Did what happened at Sandy Hook Elementary School put a damper on your holiday celebrations this year? This is the darkest time of the year to begin with, so what happened in Newtown just seems to make the darkness even more impenetrable.
As I see it, our society gives us three options for dealing with the darkness around us, among us and in us.
The first is escape. We can create a fantasy land with holiday lights, new outfits, gift-wrapped presents under the tree waiting to be opened, tiny tots with their eyes all aglow, beautiful carols sung in candlelight on Christmas Eve … and plenty of alcoholic beverages. It’s like our whole culture tries to transform our homes, churches and main streets into Disney World. When it’s done well and when life is going pretty good for you, the whole configuration can feel very romantic and comforting.
Reality can be too much to bear sometimes, so for the sake of our mental health it’s good to escape it every once in awhile. Do you remember Lilly Tomlin’s character, the bag lady? She once said, “You know I’m certifiably crazy. What happened was that I decided that reality was the main cause of stress, so I checked out of reality. And you know, life has been a lot better ever since.”
The second option is to try to overwhelm the darkness with light in the form of increased knowledge, progressive politics and technology. Following the shootings in Newtown almost everyone was asking, “Why? What caused this young man to do such a terrible thing? Was it a mental health issue? Was it due to bullying? Do we have too many guns available?” It’s an example of this assumption we have that if we can diagnose the problem correctly, then science and innovative minds will come up with a solution, a cure.
To be sure, science and technological innovation have come up with some amazing inventions that have made our lives much better. The limits of science to deal with problems like school shootings, however, are revealed in the following joke: The doctor tells her patient that the bad news is he’s over medicated. “The good news,” she adds confidently, “is we have a pill for that.”
The third option uses terminology that neither science nor the entertainment industry understand because it comes out of a view of reality that transcends reason and is counterintuitive to a society focused on being happy. It is an option communicated best in stories and poetry and is expressed in concepts like evil, grace and self-denying love.
One of the narratives that best expresses this third option is the biblical story of the birth of Jesus. Read it from Joseph’s point of view: His fiancé gets pregnant before they get married, and he knows for sure he’s not the father. All he has to go on is talk of angels from Mary and a dream he has in the middle of the night. Mary gives birth in what amounts to a homeless shelter. The young family has to flee to Egypt to escape Herod’s soldiers who massacre children with swords instead of assault rifles.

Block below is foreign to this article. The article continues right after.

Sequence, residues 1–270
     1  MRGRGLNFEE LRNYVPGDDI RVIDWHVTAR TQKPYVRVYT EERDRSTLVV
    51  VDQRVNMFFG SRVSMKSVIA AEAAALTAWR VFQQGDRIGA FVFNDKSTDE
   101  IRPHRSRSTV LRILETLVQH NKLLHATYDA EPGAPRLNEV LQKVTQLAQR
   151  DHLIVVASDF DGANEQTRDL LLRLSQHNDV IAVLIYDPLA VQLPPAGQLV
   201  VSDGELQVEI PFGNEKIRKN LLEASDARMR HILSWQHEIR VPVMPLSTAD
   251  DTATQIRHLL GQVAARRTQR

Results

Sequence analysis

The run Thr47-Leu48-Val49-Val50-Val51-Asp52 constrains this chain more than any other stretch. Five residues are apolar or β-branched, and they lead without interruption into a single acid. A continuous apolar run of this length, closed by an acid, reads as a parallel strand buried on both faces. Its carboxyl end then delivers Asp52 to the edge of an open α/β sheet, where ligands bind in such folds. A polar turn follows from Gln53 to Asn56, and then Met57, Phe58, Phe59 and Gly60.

This third option doesn’t try to escape “reality” but faces it head on. Neither does it arrogantly assume that mortals are wise enough to invent a “pill” that will cure all of society’s problems. It names the problem with the term evil but then tells a story of God putting himself in a situation where evil seems to triumph.
Science doesn’t have a vocabulary to adequately explain the behavior of Adam Lanza, the Newtown shooter, on the one hand or the teachers who tried to protect their students on the other. Mature religion does. Mature religion can name unseen forces that impact our lives without pretending to be able to understand or control them.
Hollywood tends to assign the motivation for good and bad behavior to our emotions, to a spirituality of how I feel at the moment. If it ever made a movie of what happened in Newtown, Tinsel Town would portray Adam Lanza as angry or depressed and the teachers as caring and giving.
All of that may be true, but good preachers don’t confine themselves to rummaging around in their congregants’ feelings every Sunday or Shabat. They understand that love, as a religious term, is as much a matter of the will as of the emotions. It is a verb connoting action more than a noun describing how we happen to feel. When you love your neighbors in the biblical sense of the word, you do what’s best for them — even when you don’t like them.
There is a place for escape and fantasy in our lives. Science and technology have the potential to bless us if we understand their limitations.
But religion has some important contributions to make regarding the discussion about what happened in Newtown … and Columbine and Rwanda and in Nazi death camps. First, it presents a view of the world that acknowledges the reality of darkness. Second, it provides a language to talk about that reality in ways an empirical approach cannot give us. It’s not that terms like evil or grace are irrational. Rather, that kind of language is trans-rational.
And third, neither escapes from reality nor science and technology are able to produce the kind of love those teachers at Sandy Hook showed for their children.
“Merry Christmas” is not a phrase you’ll find in the Bible. “The peace that passes understanding” is. This Christmas, especially this Christmas, allow the third option to show us where to go from here.